Don't miss




Amnesty chief urges France to 'stay true to its values'

Read more


Film show: 'Certain Women', 'Rock’n Roll' and 'A Wedding'

Read more


#BringBackOurInternet: English-speaking Cameroon hit by digital blackout

Read more


Preaching coexistence: Avant-garde mosque opens in Lebanon's Druze heartland

Read more


Prison guards turn guns on prisoners in Chile, and thousands of migrants stuck in smoky warehouses in Serbia

Read more


French presidential race: Le Pen makes groundbreaking visit to Lebanon

Read more


93 candles for Robert Mugabe

Read more


French Senate report: Govt policy to 'de-radicalize' jihadists is not working

Read more


Novotel attack trial gets under way in Ivory Coast

Read more

Opposition leader Tsvangirai vows to topple Mugabe

Latest update : 2008-03-28

Opposition leader Morgan Tsvangirai is determined to topple President Mugabe in the presidential election. Another defeat could end Tsvangirai's political career. (Report: C.Dumay)

HARARE, March 27 (Reuters) - Zimbabwe's Morgan Tsvangirai
goes into Saturday's presidential election knowing another
defeat could end a political career that has brought him closer
than anyone to unseating President Robert Mugabe.

Once hailed as the great hope of Mugabe's foes, the fiery
trade unionist goes into the election with opposition ranks
divided and with a defector from the ruling party sowing further
confusion by running against Mugabe as an independent.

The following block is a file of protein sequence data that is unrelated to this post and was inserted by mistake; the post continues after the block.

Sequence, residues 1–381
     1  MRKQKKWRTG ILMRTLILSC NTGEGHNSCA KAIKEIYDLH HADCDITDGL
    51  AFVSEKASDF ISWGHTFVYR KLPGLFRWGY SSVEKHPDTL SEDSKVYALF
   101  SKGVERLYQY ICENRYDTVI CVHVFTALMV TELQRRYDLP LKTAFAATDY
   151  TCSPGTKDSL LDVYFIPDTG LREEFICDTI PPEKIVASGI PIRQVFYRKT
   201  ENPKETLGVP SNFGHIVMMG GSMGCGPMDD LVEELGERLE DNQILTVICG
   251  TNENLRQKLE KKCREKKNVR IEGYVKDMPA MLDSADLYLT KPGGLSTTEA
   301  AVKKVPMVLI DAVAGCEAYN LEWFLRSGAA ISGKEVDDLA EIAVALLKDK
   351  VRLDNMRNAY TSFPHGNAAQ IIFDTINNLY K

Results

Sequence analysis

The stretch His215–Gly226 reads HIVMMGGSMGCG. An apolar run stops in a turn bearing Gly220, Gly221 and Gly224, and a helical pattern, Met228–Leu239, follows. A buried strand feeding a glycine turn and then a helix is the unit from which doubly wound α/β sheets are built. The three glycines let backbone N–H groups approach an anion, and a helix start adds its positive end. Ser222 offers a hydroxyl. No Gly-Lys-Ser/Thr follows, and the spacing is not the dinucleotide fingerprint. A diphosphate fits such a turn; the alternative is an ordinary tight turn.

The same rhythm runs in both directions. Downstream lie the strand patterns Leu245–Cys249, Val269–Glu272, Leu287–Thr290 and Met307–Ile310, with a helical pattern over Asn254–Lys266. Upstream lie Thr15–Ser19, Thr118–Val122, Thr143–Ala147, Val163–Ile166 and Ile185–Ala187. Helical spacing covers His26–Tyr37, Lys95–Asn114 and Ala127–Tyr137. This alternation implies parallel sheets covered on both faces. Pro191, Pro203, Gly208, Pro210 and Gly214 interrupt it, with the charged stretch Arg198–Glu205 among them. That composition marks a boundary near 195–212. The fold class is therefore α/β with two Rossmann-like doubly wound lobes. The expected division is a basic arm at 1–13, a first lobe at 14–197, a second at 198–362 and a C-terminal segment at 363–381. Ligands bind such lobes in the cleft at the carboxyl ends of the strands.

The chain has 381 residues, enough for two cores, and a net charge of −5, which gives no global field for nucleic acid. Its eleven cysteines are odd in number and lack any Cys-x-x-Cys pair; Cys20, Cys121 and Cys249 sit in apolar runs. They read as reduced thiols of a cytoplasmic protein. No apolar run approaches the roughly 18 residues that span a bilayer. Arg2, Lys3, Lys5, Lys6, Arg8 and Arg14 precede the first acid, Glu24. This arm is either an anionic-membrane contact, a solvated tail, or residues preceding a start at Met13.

The gruff Tsvangirai emerged eight years ago as the first
serious threat to the veteran leader, now 84, but a split in his
Movement for Democratic Change in 2005 seriously dented his
image and standing.

"For Tsvangirai this is not just an ordinary presidential
election, he will be seriously thinking about his political
future if he were to lose," said John Makumbe, a University of
Zimbabwe political science lecturer and Mugabe critic.

Economic analysts remain sceptical of Tsvangirai's ability
to revive an economy that was once an African success story,
saying he has neither the experience nor the policies to do so.

Mugabe frequently labels Tsvangirai a "pathetic puppet" used
by one-time colonial power Britain to try to bring him down.

The former trade union leader says he is his own man with
popular support and calls Mugabe a violent tyrant.

Tsvangirai was hospitalised a year ago and said he had been
bashed in police custody, an event which his critics say helped
revive his sagging political fortunes.

He has vowed to defeat Mugabe this time around, saying the
veteran leader cheated him of victory in 2002.

Tsvangirai's working-class roots contrast with Mugabe's
background as a former guerrilla leader who has a string of
university degrees.

Tsvangirai, 56, is the self-taught son of a bricklayer. He
worked in a rural mine to support his family and cut his
political teeth in the labour movement as a mine foreman.

In 1988, he became full-time secretary general of the
Zimbabwe Congress of Trade Unions. Under his leadership, the
federation broke ranks with Mugabe's ZANU-PF.

Tsvangirai led paralysing strikes against tax increases in
December 1997 and twice forced Mugabe to withdraw announced
hikes. He helped found the labour-backed MDC in 1999.

In February 2000, the MDC engineered Mugabe's first poll
defeat -- the rejection in a national referendum of a new draft
constitution that would have entrenched his presidential powers.

That June, despite killings and police intimidation, the MDC
stunned ZANU-PF by winning 57 of the 120 seats at stake in a
parliamentary election as Tsvangirai captivated the public with
powerful speeches.

Date created : 2008-03-08